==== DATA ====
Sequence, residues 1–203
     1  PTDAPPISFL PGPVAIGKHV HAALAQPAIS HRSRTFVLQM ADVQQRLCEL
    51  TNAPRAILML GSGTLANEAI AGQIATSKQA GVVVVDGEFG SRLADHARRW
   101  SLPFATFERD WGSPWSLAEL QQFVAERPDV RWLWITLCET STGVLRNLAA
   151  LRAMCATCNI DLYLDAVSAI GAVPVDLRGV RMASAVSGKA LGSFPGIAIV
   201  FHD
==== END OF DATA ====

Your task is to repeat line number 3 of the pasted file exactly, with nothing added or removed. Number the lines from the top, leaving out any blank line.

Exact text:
    51  TNAPRAILML GSGTLANEAI AGQIATSKQA GVVVVDGEFG SRLADHARRW